Is it last week already? Forced academisation: round two. Marie Lorimer watched this week’s PMQs so you don’t have to.
Issue of the week
It’s been a busy week in British politics – the Hillsborough inquest was concluded, Labour MP Naz Shah is at the centre of an anti-Semitism row and we saw the first all-out junior doctors’ strike in NHS history.
But there appeared to be an echo in the chamber parroting last week’s political agenda, Corbyn again focussing all six of his questions to the Prime Minister on education policy. Last week, Corbyn effectively exposed rifts within the Conservative party over forced academisation. However, in the last seven days, no new Conservative MPs have publicly opposed the proposal, meaning there were few developments to disarm the PM.
This is the second time Corbyn has failed to mention the junior doctor’s strike at PMQs at a crucial time in the debate. Considering Labour successfully brokered a deal with the BMA to a pilot the new junior doctors’ contract, a measure rejected by the Health Secretary, perfect political ammo was presented, but not fired. The strike merely earned a passing reference in Corbyn’s sixth question.
Cameron once again wins by default. Corbyn re-trod claimed territory, failing to build upon the gains he made last week. His new approach to PMQs would have been better utilised by diversifying his issue of the week, but the opposition leader failed to do so.
It wasn’t the Prime Minister’s best performance either. He was visibly uncomfortable with some questions on education, his first comment on Naz Shah was ill-delivered, and he showcased his arrogance with the following comment: “I’m on my fifth Labour leader and if he carries on like this I’ll be on the sixth” .
What is clear, however, is that Corbyn’s congenial political experiment is over. For a third week running, there were no crowdsourced questions, instead, Corbyn sought to rile his side of the chamber against the Tories. Corbyn’s new strategy mimics that of past leaders, using an established formula in his attempt to win PMQs. It’s about time he turned to the dark side.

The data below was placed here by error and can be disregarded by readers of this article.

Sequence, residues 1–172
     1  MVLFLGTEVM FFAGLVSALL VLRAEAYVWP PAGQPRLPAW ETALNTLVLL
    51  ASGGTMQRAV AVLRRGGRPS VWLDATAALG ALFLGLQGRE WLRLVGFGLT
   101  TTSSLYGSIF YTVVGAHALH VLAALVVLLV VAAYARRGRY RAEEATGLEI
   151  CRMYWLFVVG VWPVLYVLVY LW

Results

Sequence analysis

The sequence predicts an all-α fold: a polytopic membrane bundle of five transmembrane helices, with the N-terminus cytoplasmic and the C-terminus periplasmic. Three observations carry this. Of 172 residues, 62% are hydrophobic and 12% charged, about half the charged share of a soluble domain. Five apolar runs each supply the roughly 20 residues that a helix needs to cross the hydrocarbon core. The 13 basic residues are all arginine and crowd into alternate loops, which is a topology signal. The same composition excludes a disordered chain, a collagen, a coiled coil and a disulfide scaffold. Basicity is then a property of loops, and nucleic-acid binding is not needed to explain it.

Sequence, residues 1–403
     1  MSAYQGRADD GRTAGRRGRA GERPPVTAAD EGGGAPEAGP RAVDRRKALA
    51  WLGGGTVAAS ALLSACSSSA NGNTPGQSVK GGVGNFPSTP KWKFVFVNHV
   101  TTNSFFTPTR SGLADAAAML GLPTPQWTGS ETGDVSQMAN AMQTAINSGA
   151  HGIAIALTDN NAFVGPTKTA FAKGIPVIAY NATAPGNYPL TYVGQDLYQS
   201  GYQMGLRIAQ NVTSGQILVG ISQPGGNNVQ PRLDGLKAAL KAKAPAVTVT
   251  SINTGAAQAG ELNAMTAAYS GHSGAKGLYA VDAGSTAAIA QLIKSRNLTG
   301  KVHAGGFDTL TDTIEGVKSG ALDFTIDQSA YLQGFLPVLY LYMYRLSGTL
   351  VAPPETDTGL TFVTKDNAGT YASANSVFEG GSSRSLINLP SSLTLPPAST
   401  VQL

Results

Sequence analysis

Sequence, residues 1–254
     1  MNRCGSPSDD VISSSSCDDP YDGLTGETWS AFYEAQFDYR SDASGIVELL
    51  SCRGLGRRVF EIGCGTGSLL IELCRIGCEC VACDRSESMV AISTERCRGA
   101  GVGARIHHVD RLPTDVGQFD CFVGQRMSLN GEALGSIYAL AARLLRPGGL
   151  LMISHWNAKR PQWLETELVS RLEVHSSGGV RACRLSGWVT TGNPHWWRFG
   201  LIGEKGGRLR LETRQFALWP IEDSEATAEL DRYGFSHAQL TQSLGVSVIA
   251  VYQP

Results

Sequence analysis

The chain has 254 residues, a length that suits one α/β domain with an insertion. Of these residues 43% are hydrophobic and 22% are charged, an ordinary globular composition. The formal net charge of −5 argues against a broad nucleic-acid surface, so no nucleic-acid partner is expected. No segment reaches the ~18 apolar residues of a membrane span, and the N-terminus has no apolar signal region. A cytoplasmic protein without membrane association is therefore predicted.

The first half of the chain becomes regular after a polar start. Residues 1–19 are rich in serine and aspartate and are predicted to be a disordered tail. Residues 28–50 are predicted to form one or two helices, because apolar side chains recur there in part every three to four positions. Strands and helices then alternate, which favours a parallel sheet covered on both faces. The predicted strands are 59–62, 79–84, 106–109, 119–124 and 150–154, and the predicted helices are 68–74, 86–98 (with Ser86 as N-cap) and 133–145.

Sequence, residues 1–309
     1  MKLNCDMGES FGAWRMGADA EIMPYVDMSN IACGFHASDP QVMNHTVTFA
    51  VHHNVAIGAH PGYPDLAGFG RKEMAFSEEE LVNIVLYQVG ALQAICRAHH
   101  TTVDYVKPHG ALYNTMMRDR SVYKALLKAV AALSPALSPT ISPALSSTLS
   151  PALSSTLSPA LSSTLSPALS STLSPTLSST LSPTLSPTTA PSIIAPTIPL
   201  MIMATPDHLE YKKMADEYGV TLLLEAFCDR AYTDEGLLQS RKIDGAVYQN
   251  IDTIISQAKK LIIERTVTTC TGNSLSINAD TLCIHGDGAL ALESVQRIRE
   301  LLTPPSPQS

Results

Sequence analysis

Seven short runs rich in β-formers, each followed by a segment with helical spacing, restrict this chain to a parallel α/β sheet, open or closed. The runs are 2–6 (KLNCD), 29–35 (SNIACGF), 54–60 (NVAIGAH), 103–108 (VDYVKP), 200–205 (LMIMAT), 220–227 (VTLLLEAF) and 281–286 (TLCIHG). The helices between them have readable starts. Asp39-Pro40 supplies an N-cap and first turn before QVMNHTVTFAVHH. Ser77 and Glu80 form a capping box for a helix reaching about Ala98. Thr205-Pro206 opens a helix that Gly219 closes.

Conservative MP for Fareham, Suella Fernandes, raised the subject of anti-Semitism in her question to the Prime Minister. This highlighted Labour MP Naz Shah’s social media posts from 2014, in which she suggested Israel should be relocated to America. Fernandes commented, “When those in public life express such views, they denigrate not only themselves but the institute to which they belong.” This comment sparked Cameron’s response in which he promptly called for Shah to be expelled from the Labour party. Cameron recalled that John McDonnell had defined Labour’s stance on anti-Semites as “out, out, out”.
Labour was the rowdiest party for the second week running. The Prime Minister even interrupted their raucous behaviour with a scolding remark, “If you shout, you won’t hear the answer.”
Byron Davies, the Conservative MP for Gower mentioned Tata Steel when asking about the package to secure the long-term prospects of steel production in Wales. Cameron reassured the house he was working hard to secure the future of steel production throughout the UK but noted there was no guarantee of success.
Joke of the week
There were a few rousing chuckles in reaction to Labour MP Ben Bradshaw’s pronunciation of Farage. Apparently it’s Farridge from now on, ladies and gents.